Some believe that creating a nonprofit automatically means their organization is tax exempt. This is not true. There is more to being a tax-exempt organization.
To become a tax-exempt nonprofit, there are few things the group must do up front. An organization must determine whether it’s a trust, corporation or association. Before applying for tax-exempt status, your charitable organization should determine if it’s one of the following:
A trust is formed under state law. You should review the law in the state of your organization. For a trust to qualify as a 501(c)(3) tax-exempt organization, its organizing document must contain certain language. Publication 557 (PDF) contains suggested language.
In general, a corporation is formed under state law by filing articles of incorporation. The state must generally date-stamp the articles before they’re effective. For a corporation to qualify as a 501(c)(3) organization, its charter or articles of incorporation must contain certain language. Publication 557 (PDF) contains suggested language.
In general, an association is a group organized for a specific purpose. To qualify as a 501(a) of the Code, the association must have a written document showing its creation. This document could be articles of association. The organization must date the document, and at least two people must sign it.
The definition of an association can vary under state law. The organizations should consult the law of the state where it’s organized. For an association to qualify as a 501(c)(3) tax-exempt organization, its articles of association must contain certain language. Publication 557 (PDF) contains suggested language.
You then must apply for tax-exempt status with the IRS and be approved. Note: The IRS requires that Form 1023 applications for recognition of exemption be submitted electronically online at www.pay.gov. For more information, refer to the Form 1023 product page.
This process includes these steps.
1) Gather documents
An organization applying for tax-exempt status must have organizing documents.
These documents include:
> Articles of incorporation for a corporation
> Articles of organization for a limited liability company
> Articles of association or constitution for an association
> Trust agreement or declaration of trust
If the organization’s name is legally changed by an amendment to these documents, also attach a copy of that amendment to the application.
2) Determine state’s registration requirements
State government websites have useful information for tax-exempt organizations. On these sites, they can find tax info and registration requirements for charities.
3) Get an employer identification number for your new organization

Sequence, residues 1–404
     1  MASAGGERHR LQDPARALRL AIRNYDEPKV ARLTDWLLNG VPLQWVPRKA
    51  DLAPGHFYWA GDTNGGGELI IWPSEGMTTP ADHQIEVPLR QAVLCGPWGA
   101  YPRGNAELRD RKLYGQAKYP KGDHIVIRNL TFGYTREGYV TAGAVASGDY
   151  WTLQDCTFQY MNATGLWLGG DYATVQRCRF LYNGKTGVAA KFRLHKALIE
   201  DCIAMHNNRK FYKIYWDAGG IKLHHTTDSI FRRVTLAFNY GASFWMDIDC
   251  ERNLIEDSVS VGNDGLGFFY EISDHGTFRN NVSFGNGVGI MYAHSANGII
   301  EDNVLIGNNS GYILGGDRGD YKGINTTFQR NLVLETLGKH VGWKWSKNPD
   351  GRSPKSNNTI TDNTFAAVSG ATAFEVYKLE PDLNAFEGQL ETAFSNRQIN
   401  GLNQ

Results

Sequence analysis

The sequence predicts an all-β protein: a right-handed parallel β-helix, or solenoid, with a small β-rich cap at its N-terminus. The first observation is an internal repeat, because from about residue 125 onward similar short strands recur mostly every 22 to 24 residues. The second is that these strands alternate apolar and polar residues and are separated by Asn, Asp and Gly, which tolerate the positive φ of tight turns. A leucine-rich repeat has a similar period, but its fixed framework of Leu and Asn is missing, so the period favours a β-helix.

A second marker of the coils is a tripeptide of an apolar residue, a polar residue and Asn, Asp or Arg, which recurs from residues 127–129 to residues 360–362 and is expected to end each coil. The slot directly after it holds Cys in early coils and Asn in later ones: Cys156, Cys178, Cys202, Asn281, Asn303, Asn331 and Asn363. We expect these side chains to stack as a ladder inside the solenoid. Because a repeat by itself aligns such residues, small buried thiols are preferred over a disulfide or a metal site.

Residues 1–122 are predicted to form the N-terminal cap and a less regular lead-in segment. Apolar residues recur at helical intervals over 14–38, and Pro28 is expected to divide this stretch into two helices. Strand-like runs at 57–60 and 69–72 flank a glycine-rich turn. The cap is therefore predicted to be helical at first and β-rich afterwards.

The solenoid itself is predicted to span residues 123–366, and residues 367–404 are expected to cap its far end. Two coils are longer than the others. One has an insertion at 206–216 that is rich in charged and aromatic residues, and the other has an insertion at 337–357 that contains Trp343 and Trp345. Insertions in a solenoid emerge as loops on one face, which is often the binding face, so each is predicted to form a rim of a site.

Organizations can apply for an EIN online, by fax or by mail.
An organization must be legally formed before applying for an EIN. Nearly all organizations will see their tax-exempt status terminated if they fail to file a required tax return or notice for three years in a row.
4) Submit your tax-exempt application
A nonprofit organization may be tax-exempt under section 501(c)(3) if its primary activities are charitable, religious, educational, scientific, literary, testing for public safety, fostering amateur sports competition, preventing cruelty to children, or preventing cruelty to animals. 501(c) organizations can receive unlimited contributions from individuals, corporations, and unions.
Often non-profit memberships are formed to conquer a problem and serve a special need in the community. How will be members be identified?
Members as donors: Members pay a fee to gain benefits and satisfaction of knowing they are helping to make an impact.
Members as consumers: This is more about community-building. Low fees will hopefully attract more people, who will benefit from your services, while building a strong network of supporters.
Members as advocates: Advocacy groups prioritize growing their cause more than they do fundraising. It relies on an exchange of benefits, where members offer skills/expertise and the organization provides a formal way for the members to use them.
Understanding the non-exempt status requirements in advance will help your organization avoid the penalties. Before you begin, understand that a nonprofit is a complicated way to act on your passion to serve your community or industry. The challenge of developing and maintaining reliable income streams should be planned for in advance.
It is possible your organization has operated with the principles and strategy of a non-profit and would benefit from applying for a tax-exempt status. If so, please contact us. We would be happy to help!